Lehanneur’s Café Mollien at the Louvre sits between galleries of old master paintings on the interior and the Tuileries Garden on the exterior. Dominated by enormous pink lights in glass, which look like giant plant species taken from the epic film Avatar, bring fresh, airy features to the world’s most visited museum. This scheme offers the visitor a place of respite from the intense museum experience. For the Romanesque church of St. Hilaire in Melle in the Deux-Sèvres district of France, a UNESCO World Heritage Site built in the 12th century, Lehanneur crafted a choir of 2,000 pieces of stacked white marble in a digital morphology. His choice of marble underscores the power of the stone in architecture of the Romanesque era. A contemporary installation in the medieval building, all parts were cut digitally to match the uneven floor of the old church, while the ceremonial furniture pieces, as pure as the form of the building itself, were sculpted in alabaster.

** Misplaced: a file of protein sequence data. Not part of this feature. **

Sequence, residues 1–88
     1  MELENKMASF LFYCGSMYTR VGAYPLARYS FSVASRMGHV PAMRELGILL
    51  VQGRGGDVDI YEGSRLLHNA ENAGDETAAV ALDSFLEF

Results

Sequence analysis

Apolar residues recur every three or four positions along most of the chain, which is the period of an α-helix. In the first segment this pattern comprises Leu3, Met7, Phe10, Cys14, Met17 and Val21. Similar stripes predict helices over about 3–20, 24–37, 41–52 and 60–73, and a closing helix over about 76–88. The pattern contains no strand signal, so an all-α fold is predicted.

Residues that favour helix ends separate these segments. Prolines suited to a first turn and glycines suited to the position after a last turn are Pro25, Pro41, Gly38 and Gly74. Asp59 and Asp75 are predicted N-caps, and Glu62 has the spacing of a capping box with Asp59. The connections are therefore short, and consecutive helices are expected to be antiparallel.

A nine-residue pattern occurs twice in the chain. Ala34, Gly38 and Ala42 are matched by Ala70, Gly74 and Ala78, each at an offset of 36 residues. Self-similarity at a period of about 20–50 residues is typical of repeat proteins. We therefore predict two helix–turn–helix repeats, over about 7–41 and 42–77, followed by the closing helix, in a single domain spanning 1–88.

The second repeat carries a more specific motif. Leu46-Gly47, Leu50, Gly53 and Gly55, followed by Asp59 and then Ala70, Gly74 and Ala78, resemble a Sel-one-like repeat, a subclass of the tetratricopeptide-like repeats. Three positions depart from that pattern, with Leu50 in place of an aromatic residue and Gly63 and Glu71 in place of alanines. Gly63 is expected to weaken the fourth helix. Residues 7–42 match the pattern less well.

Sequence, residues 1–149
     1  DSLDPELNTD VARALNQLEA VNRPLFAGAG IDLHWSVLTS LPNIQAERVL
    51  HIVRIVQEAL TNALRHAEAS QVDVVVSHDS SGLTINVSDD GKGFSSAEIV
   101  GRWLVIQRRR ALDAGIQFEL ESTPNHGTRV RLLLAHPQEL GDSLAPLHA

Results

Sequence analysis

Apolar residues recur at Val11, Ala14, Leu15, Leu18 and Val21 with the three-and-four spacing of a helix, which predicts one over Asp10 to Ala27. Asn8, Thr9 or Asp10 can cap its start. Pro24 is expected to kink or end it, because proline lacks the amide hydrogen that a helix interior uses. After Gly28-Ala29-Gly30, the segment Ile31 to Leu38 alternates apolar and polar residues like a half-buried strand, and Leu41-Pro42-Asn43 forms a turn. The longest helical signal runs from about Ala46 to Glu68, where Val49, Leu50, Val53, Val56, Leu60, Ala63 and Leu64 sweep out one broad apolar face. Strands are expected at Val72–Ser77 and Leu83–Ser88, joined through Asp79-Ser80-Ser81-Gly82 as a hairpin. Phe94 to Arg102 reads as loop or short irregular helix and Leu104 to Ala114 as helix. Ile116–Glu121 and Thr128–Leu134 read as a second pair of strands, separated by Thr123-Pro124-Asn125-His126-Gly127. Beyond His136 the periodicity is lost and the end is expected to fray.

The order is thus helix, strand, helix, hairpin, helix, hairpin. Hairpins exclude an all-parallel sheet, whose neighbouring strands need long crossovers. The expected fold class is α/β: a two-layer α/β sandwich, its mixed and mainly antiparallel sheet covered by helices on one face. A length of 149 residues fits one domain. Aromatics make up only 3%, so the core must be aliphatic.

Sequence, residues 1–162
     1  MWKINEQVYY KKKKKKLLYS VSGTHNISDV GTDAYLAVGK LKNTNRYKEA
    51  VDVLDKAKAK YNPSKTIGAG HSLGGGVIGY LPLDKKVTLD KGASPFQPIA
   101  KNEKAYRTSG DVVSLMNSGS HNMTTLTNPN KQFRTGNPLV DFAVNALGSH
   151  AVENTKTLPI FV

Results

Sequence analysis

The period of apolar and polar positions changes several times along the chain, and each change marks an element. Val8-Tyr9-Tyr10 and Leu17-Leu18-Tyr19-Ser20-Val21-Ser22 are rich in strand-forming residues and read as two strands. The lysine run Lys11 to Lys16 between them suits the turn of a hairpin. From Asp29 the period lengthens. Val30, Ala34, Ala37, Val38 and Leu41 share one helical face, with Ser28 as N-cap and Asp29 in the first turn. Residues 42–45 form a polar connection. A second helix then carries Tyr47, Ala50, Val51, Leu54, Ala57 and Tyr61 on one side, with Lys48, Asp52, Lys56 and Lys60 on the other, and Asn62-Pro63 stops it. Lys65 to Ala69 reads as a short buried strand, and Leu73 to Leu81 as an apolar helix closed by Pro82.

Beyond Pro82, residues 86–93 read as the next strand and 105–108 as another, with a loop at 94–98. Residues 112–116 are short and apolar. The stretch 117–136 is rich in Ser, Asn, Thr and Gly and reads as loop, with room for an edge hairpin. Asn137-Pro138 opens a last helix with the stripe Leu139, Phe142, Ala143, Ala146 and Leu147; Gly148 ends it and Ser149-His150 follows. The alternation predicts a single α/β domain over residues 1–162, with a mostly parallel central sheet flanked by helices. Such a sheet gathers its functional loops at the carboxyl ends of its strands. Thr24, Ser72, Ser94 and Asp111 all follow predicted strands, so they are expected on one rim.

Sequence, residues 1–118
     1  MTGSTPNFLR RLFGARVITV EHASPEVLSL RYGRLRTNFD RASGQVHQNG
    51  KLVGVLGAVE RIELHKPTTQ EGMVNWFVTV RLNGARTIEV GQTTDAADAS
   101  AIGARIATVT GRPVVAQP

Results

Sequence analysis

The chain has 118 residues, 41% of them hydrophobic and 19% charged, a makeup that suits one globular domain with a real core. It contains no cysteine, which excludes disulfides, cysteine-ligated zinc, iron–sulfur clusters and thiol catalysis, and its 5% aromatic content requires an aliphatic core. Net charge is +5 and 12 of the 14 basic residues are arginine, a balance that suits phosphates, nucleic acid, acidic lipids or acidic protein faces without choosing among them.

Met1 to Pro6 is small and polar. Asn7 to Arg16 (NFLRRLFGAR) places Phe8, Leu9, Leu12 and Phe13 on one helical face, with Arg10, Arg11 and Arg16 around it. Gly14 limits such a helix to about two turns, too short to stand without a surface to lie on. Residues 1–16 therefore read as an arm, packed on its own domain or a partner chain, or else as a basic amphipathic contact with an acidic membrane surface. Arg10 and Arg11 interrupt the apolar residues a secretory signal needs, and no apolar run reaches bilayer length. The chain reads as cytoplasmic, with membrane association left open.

Interiors, according to Lehanneur, should be poetic. His Last Known Home, a futuristic bedroom-sitting room space commissioned for the AD Interieurs Exhibition in Paris, was based on a photograph of the same name by Thomas Henry, which depicted the first and last homes of Marilyn Monroe. Lehanneur’s vision was a place of refuge, where he could be alone towards the end of his life, where he could spend time with his friends and family.